If the employer wants to have the employment contract dissolved because of the employee’s seriously culpable behaviour, this behaviour has to be such that the employer can not be expected to continue the employment contract thereafter. In any case, this ground for dismissal applies when there is an urgent reason for summary dismissal, but also when an employee, in spite of refusal of payment of sick pay, fails to perform suitable work or to meet reasonable instructions in the context of re-integration. Whether and to what extent culpable behaviour that does not reach the level of the urgent reason (for example, frequently arriving late at work) may be sufficient to terminate the employment contract is not clear. Legislative history, however, shows that it should have been clear for the employee what the employer considers to be admissible or not (except obvious things like theft, etc.). The usefulness of or the need for using protocols, for example in respect of the use of internet and e-mail, but also in respect of desired and undesired conduct, therefore remains. The requirements laid down for the employee must be prevailing and not disproportional. Also in this case a lot depends on documentation in advance by the employer.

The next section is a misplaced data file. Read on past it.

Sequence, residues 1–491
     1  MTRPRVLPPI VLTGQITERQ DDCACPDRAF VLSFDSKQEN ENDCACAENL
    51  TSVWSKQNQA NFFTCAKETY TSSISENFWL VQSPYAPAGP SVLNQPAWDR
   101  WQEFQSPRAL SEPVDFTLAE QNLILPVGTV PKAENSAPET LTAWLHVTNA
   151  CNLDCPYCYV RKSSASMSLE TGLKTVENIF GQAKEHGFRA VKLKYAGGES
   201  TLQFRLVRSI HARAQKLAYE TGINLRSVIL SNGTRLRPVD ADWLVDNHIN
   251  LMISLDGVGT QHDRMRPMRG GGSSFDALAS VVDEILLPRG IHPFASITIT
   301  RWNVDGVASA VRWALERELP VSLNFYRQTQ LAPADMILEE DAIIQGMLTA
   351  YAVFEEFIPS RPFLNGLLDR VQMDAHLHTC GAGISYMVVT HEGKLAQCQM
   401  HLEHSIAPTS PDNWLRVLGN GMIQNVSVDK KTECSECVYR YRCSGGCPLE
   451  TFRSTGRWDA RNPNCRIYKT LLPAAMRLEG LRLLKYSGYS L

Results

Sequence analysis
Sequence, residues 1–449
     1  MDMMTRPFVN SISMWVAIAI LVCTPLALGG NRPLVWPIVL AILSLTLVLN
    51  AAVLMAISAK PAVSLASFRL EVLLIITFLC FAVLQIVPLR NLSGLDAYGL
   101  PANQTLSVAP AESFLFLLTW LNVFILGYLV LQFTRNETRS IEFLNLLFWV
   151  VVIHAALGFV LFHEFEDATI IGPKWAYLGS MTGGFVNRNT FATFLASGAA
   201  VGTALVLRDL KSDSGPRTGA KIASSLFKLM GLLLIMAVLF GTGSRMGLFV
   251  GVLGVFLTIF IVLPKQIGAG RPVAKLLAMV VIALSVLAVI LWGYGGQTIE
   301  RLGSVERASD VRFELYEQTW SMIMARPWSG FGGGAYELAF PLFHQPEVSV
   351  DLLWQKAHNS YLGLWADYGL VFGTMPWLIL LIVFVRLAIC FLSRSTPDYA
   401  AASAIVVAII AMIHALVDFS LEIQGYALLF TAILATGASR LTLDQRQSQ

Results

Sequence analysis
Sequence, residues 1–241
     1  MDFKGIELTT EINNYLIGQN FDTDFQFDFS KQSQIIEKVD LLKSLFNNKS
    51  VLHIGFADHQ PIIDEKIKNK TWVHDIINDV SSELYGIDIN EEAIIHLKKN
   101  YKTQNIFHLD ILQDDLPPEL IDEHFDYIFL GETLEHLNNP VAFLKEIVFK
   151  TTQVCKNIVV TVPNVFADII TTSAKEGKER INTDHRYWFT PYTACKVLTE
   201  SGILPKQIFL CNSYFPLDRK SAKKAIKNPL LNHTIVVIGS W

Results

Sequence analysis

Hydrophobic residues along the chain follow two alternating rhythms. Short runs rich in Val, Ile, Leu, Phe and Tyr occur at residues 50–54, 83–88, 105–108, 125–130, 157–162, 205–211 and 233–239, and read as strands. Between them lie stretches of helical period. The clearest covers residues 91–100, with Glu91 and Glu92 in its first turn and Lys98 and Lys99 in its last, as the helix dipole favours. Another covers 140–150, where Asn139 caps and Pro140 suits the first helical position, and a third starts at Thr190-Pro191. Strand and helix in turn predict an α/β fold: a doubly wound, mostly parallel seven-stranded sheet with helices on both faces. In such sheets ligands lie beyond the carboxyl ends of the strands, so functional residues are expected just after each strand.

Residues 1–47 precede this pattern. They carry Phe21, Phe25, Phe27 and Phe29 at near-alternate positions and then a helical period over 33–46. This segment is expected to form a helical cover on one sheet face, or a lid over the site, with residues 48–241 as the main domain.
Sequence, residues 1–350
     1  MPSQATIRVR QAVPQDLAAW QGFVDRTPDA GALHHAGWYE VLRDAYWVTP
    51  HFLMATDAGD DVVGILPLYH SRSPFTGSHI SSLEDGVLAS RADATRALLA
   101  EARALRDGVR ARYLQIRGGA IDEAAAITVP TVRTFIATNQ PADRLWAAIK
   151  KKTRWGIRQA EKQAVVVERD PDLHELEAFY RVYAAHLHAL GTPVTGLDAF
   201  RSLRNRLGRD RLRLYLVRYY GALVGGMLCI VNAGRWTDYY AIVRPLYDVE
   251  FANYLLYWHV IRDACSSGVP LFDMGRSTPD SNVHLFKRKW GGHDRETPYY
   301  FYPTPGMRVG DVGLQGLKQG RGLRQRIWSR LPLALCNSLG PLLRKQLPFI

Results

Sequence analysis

Disrupted employment releationship

The last but certainly not least important ground for dissolution of the employment relationship is the disrupted employment relationship. The law requires that in such case the disruption of the employment relationship is such that the employer can not reasonably be expected to continue the employment contract. This last requirement is elaborated in legal history by referring to the Ministerial Decree on dismissal, in force until 1st July 2015, which stipulates that, in principle, the disruption of the employment relation has to be serious and sustainable. The requirement of sustainability of the disruption of the employment relationship might, in practice, entail that Sub-district Courts will require that an attempt to an amicable approach is or has been made first. Therefore a more important role of mediation in this context is by far not impossible.